Now for the part you are all waiting for with baited breath: the riiiiiiiide. If you know me personally, you already know that Orbea provided me with a sponsorship. For those who are just stumbling onto this incredibly long race report, let me explain. I ride an Orbea road bike when I race. This bike is a sexy, sexy Spaniard, and I am completely in love with him. When I qualified for this race, I was trying to figure out how to get my sexy, sexy Orbea to Spain without breaking the bank… or my bike. I decided on a whim to contact Orbea and tell them about my hot, torrid love affair that I have been having with one their bikes and and told them that they should hook me up with a sponsorship. did I think it would work? Hell no! But it did. Apparently, when you say completely ridiculous things about your bike, someone notices, because they agreed to sponsor ME!!! The deal was that the lovely, amazing people of Orbea would send a bike to Pontevedra for me to ride for this race. I would then ride that gorgeous machine, box it back up, and the shipping agency would pick it up at the hotel and ship it back to the factory. The original bike they were going to send me was similar to the one I ride at home, but there was a problem securing that bike so they changed bikes on me last minute. The bike they sent me? Shit, it’s not a bicycle… It’s a Lamborghini! This bike weighs about a pound, has Campignolo electronic shifters (that I had to have the team mechanic call back to the states to figure out how to TURN ON), and was pretty much made for me. The geometry was perfect for my super long torso and stumpy, yet powerful legs. I put my pedals and aerobars on it, so I was able to steer, power and control using what was I was accustomed to using. I don’t think I have ever, nor will I ever, have the opportunity to enjoy a machine of this quality. And I enjoyed the HELL out of that sexy Orbea! Now back to the report…

I run into transition, and I am feeling good. I didn’t look to see what my 5k time was, I didn’t care. I felt strong and didn’t want to throw myself off in case I had a bad time. I got through transition in what felt like 20 minutes (you had to run down the entirety of the center of the stadium, do your transition, then go back alllllll the way around the stadium out to the bike out spot. I cross the timing mat and the mount line, and IT’S ON MOTHER FUCKER! The first mile is out through the town, over this really kick ass suspension bridge, then out into the hills. I had ridden the course once before, so I knew exactly how uphill that first half was going to be so I started my bike portion with a bit of a quick spin to shake out the run and get my legs ready to cliiiiiiiiiiiiiiiiimb.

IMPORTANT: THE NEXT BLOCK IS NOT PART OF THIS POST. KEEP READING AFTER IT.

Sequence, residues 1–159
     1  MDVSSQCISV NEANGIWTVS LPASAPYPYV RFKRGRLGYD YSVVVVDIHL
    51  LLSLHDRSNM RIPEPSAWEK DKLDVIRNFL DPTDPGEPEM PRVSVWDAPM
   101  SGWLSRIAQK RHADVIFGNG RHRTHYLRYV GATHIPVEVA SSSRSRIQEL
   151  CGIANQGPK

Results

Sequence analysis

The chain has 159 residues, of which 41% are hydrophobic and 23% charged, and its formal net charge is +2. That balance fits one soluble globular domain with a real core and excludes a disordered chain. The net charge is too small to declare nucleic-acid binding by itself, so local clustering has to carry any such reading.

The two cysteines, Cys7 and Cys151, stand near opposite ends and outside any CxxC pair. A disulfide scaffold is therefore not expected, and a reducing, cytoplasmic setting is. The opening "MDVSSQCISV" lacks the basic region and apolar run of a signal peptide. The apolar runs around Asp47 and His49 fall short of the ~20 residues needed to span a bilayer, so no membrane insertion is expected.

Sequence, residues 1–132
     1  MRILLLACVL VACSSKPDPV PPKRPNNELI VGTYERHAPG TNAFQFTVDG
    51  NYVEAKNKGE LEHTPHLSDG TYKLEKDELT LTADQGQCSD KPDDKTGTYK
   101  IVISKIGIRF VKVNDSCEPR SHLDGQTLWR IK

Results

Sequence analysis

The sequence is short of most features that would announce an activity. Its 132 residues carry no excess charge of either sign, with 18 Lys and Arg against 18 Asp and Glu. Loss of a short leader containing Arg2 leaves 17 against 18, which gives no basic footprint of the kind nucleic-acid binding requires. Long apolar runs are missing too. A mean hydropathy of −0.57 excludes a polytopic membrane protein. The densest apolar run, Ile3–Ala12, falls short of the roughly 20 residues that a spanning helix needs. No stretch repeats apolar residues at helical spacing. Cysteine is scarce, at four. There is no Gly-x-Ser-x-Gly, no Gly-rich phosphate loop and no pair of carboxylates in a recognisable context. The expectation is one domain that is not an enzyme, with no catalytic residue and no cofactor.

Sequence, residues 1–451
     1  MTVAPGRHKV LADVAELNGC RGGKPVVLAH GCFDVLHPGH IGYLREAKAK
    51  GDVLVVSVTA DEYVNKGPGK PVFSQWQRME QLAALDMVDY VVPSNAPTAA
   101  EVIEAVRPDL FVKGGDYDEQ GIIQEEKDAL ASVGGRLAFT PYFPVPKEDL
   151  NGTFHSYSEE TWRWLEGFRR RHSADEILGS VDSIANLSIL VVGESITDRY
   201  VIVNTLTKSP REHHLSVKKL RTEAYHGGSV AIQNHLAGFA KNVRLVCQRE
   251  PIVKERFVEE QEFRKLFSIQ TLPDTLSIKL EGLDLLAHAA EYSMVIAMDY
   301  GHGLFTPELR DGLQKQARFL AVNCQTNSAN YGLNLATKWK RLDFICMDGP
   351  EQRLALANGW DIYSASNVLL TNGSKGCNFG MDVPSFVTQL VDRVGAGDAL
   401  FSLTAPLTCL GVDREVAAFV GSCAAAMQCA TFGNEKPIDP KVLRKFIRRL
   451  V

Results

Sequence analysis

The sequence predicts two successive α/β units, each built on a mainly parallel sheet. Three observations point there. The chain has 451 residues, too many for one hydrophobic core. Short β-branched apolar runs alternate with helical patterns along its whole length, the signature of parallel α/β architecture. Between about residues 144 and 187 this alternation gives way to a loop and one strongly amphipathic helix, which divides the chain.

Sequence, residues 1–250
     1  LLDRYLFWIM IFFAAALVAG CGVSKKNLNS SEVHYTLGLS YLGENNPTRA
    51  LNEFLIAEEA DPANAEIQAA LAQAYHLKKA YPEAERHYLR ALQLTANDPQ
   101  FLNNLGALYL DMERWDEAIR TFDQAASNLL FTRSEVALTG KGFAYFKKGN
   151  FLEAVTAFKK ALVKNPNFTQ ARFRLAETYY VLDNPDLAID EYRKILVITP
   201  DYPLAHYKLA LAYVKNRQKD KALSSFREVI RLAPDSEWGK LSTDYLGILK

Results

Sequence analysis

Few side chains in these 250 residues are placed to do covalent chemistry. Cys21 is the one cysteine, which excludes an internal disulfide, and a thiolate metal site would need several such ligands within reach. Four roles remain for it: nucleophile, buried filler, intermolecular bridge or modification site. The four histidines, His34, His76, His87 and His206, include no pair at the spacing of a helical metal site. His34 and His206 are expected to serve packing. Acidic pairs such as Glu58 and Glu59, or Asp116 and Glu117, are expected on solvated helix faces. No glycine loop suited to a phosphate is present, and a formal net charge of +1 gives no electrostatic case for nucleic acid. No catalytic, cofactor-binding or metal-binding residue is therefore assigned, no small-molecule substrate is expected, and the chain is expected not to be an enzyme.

After a few hundred meters, I drop the gears and start to speed up and turn on the power. The bike course is gorgeous, but it’s no joke. Spain has hills and mountains, and Pontevedra is no exception. Coming out of town, the road surface is shit, it’s concrete with huge cracks and potholes, and a really rough surface. It’s easier to ride than chip seal, but still is not an idea ride by any means. Getting out of town only takes about a mile, and when my gps clicked that first mile out, I looked at my pace. I did that first mile, on shit roads on a slight incline at 22 mph. Did I mention that this Orbea was a Lamborghini? Yes, I know that the motor is as important as the bike, but this was AWESOME! Just outside of town, there’s a change in surface and you go from concrete to newly resurfaced, glass-smooth, super fast asphalt. The next 2 miles has some good climbs, and a cute little town (it’s Europe… All those little towns are cute). There were race officials dotted along the course, and volunteers, and cops, and a few people yelling, including one old woman sitting on her balcony yelling something incomprehensible from what I can only imagine was a toothless grin. But for the most part, it was just me and my bike and gorgeous views (and other competitors, of course… on the bike course you could actually see where everyone was.) Miles 3 and 4 were the bitches. This was where the bulk of the climb came in, and it was longer with a steeper and more sustained grade than anything that we have in Austin. Yeah, I trained on hills, but I just don’t have the access to train for this. 2 solid miles of up, up, up.